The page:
Caroline Kennedy was in Los Angeles recently as part of her eight-city tour for Poems to Learn by Heart, illustrated by Jon J Muth (Disney-Hyperion), her fourth poetry anthology and one she calls a kind of companion piece to 2005’s A Family of Poems: My Favorite Poetry for Children. “But Poems to Learn by Heart is different in that it’s for slightly older readers, although there’s a progression from simpler to more complicated or longer poems,” Kennedy told PW. “There are a lot of non-rhyming poems, but more of the traditional old chestnuts as well.” Since its release last month, Poems to Learn has sold nearly 21,000 copies at outlets that report to Nielsen BookScan.
Kennedy was aware that many people bought A Family of Poems for their daughters, so she tried for a more diverse selection for the new collection. She first consulted her home library, which includes “a few hundred” poetry books, many of which belonged to her mother. They were the primary source material for the new book, but she also consulted the public library stacks and took suggestions from friends. Another important resource: Kennedy has been involved with the poetry program at DreamYard Prep in the Bronx for many years, working with young poets. “These kids helped me with the book, too,” she said. “They would come down every couple of weeks to the publisher’s office and we would talk about poems and read poems. So this made it a much more fun and dynamic process for me.”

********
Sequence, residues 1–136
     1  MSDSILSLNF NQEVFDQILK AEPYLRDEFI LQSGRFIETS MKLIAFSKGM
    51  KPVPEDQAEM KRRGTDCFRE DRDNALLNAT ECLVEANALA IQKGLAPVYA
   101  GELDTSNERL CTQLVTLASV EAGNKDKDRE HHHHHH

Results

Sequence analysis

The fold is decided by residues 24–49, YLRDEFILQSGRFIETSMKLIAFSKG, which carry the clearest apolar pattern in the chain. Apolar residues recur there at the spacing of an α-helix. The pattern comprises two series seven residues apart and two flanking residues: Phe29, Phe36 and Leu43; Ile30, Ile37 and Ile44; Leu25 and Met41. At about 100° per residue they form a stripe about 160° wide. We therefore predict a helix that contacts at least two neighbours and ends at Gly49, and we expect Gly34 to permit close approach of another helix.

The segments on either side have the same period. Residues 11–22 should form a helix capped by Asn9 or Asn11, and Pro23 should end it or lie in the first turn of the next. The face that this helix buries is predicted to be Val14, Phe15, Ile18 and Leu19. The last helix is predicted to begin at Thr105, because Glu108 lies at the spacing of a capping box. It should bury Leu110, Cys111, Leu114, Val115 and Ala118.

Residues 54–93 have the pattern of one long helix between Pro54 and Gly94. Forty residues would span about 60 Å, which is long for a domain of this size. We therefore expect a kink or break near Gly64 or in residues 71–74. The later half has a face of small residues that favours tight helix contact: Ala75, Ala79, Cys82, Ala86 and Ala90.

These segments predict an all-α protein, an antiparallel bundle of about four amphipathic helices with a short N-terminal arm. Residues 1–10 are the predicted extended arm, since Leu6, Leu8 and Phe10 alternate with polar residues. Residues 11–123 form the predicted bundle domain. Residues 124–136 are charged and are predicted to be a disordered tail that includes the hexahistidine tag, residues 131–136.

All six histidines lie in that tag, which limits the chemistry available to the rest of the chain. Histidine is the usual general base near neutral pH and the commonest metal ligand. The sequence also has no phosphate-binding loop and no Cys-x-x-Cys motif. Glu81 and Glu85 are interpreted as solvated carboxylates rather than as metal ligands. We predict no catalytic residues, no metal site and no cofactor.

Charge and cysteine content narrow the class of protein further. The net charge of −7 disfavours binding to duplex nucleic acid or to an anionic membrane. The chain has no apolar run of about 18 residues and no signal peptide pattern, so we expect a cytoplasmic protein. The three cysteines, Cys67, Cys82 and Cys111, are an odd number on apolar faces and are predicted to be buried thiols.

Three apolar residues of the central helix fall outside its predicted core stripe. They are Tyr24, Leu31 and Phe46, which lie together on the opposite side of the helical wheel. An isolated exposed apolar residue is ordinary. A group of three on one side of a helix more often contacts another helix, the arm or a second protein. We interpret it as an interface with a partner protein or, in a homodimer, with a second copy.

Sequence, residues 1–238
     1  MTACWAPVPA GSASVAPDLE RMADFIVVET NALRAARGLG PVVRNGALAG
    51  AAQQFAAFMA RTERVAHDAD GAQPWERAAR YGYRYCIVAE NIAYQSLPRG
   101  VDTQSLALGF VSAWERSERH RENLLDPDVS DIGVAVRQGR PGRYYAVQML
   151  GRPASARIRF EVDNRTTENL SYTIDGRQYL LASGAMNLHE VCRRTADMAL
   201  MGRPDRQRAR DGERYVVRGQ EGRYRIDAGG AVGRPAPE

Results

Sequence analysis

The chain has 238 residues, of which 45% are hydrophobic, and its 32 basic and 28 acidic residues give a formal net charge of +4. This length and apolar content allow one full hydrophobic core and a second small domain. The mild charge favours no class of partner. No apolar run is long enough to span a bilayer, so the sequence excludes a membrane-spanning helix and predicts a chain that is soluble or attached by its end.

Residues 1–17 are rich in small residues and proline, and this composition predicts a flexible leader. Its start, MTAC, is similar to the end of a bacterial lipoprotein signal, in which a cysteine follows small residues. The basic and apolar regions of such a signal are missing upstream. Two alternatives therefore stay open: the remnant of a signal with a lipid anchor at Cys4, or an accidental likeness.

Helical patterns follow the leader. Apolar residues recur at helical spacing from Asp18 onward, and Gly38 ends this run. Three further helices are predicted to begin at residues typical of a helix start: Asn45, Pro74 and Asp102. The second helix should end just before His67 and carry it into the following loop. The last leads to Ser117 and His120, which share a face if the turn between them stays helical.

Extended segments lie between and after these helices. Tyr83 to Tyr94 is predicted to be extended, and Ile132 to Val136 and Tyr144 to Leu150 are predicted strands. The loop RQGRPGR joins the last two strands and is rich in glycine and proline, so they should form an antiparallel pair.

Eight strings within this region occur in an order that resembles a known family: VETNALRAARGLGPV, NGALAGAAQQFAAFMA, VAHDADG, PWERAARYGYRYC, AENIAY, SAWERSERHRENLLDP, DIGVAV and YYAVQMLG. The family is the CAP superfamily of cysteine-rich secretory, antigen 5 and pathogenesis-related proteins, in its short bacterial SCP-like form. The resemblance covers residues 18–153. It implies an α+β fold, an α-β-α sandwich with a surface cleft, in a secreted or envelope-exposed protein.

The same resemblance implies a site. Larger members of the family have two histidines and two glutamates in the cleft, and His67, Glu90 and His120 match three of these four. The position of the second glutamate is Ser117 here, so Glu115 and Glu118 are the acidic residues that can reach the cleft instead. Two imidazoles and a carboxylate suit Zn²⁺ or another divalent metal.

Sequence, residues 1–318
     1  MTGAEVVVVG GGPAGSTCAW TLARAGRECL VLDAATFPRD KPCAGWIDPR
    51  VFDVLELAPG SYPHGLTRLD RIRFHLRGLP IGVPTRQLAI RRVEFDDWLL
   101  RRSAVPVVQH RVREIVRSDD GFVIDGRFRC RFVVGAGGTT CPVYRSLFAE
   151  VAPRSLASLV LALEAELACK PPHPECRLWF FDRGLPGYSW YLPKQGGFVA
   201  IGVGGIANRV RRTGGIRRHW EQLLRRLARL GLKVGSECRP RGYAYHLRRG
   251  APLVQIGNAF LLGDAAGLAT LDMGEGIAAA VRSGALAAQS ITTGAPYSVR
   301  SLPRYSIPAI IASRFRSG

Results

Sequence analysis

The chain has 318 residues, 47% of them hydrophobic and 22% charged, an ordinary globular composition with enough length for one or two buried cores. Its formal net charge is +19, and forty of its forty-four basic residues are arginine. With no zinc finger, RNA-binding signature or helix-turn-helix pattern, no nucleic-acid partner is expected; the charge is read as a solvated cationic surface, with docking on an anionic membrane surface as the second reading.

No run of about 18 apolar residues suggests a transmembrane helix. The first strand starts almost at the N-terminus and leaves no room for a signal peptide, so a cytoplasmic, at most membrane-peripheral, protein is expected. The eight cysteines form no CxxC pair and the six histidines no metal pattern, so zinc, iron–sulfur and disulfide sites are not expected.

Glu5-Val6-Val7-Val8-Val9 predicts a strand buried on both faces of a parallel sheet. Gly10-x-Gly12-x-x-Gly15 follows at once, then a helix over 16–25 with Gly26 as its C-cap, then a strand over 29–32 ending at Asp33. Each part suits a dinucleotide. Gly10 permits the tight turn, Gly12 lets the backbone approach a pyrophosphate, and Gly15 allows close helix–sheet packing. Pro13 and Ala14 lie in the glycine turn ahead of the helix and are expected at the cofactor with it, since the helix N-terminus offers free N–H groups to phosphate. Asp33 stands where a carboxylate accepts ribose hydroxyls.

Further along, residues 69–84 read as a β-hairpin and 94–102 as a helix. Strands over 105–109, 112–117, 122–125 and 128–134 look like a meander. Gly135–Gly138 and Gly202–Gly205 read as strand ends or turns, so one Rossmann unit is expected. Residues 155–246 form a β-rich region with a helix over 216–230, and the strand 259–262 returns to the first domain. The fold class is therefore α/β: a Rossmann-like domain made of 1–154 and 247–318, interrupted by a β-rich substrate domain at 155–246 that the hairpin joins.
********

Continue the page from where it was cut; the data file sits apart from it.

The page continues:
Her conversation with PW ranged over several poetry-related topics, including the Beats. “That’s a group and a genre I’ve had the least exposure to," she said. "But I did go to see Patti Smith read Alan Ginsberg’s Howl. It was so incredible. She performed it, and it was like music, the breathing and the tone. The whole thing came to life. Once again, it shows how poems are meant to be read aloud.”
Working on her poetry anthologies, too, has introduced Kennedy – who was brought up on traditional poetry – to new poets. ”I’ve gotten to know living, breathing poets doing these books, like Elizabeth Alexander and Sharon Olds," she said. "I went down to San Antonio to visit Naomi Shihab Nye’s literacy group. It’s been really great.”
Kennedy is delighted by the renaissance of poetry among young people, and believes it can be key to getting reluctant readers interested in literature. “I think we need to come at kids from all different angles," she said. "So many kids are just turned off by reading. This is part of the literacy crisis in this country. If you can make reading dynamic and fun, and surround kids with this world of curiosity and imagination, some of them will get interested and pursue it.”
Busy though she's been promoting her new book, it's far from her only project. This November marks the 50th anniversary of the assassination of Kennedy’s father, and she has been supervising the publication of two books done in association with the Kennedy Library. And recently, rumors begun circulating that Kennedy will become the next ambassador to Japan. When asked if a future poetry anthology might include haiku she laughed and said, “We’ll have to see. Maybe I’ll have to go do research. Original research.”